Although board independence was negatively related to DPR, this association was not significant. It should be taken into account that many factors influence the payment of dividends in South Africa (Nel et al., 2021; Nyere & Wesson, 2019). Furthermore, King IV affords JSE-listed companies substantial flexibility to classify their directors as INEDs. By paying dividends, some of the sampled companies might have attempted to deflect shareholders’ scrutiny of INEDs who had lengthy tenures and those who served on multiple boards concurrently. This possibility calls for further investigation. In line with Aigbovo and Evbayiro-Osagie (2022), it is suggested that market regulators should ensure that listed companies apply the corporate governance guidelines to limit market infractions, enhance stakeholder confidence and stimulate investment.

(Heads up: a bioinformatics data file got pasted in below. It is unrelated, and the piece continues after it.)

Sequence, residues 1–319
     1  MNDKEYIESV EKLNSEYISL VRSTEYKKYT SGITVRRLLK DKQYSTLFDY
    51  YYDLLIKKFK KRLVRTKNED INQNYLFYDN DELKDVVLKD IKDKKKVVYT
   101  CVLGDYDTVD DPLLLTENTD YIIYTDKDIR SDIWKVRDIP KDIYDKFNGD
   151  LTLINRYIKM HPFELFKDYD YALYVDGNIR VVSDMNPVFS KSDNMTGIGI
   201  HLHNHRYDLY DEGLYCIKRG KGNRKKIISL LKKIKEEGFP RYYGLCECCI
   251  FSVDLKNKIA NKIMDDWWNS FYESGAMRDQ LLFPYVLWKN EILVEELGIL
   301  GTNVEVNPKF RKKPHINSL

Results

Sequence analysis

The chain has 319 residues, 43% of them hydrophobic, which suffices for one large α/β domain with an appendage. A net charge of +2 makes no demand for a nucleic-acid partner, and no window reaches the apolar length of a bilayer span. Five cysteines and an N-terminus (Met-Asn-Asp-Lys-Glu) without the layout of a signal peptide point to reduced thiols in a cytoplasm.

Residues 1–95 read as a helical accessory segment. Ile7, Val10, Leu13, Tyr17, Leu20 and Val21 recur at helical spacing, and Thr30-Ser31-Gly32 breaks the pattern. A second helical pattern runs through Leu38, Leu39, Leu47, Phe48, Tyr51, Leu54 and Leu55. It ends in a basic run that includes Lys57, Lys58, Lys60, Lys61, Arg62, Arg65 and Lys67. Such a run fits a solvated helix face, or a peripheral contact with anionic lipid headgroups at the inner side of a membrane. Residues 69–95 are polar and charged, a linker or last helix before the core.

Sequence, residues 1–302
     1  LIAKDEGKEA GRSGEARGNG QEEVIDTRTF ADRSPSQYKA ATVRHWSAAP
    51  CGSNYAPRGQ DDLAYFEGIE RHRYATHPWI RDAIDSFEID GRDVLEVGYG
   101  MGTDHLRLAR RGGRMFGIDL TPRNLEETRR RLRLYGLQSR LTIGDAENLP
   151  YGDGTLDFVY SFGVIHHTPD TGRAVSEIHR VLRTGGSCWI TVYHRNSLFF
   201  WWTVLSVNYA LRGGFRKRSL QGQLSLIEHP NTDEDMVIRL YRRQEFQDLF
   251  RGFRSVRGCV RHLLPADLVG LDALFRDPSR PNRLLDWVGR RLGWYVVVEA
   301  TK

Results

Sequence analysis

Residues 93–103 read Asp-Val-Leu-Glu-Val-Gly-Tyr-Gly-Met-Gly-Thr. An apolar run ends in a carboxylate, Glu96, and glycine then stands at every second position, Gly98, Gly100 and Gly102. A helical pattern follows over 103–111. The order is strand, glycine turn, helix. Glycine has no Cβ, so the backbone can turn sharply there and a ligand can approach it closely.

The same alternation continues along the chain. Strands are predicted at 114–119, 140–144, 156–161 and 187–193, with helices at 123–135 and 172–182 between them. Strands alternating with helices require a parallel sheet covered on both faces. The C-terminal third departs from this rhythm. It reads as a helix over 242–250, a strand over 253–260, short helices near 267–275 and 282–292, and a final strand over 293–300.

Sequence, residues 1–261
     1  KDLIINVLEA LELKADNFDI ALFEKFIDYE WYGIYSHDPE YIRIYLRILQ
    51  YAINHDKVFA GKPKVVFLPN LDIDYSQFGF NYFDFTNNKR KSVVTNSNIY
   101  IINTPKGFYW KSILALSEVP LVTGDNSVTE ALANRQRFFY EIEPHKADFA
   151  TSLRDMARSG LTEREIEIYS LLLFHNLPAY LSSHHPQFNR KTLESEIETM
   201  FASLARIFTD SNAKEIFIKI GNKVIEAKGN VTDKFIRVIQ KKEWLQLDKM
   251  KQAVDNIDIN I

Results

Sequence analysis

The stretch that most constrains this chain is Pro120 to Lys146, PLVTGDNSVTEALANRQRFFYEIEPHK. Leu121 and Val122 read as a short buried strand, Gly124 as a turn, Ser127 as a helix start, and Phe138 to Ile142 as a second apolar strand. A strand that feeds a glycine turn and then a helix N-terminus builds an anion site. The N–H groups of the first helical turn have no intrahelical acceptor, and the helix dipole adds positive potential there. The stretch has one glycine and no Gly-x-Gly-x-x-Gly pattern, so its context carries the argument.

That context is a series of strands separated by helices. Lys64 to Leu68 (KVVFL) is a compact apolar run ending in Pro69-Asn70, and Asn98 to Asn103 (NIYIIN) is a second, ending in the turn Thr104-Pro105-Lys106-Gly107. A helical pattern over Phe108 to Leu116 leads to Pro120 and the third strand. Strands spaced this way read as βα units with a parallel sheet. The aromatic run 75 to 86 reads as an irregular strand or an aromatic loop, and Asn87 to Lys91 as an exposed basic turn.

The managers of JSE-listed companies should ensure that dividend policies reflect recent developments in financial markets and shareholder preferences. As shareholders function in the ‘middle ground’ between internal and external corporate monitoring mechanisms (Gantchev, 2013, p. 610), they are important change agents. By insisting on improved board independence, shareholders stand to benefit from reduced agency costs, including those associated with the over-retention of earnings problem. In line with King IV’s view that shareholders can serve as proxies for broader stakeholder interests (IoDSA, 2016), other stakeholders, such as suppliers, employees and customers can also benefit from more effective monitoring as red flags in the company’s finances or operations could be raised earlier.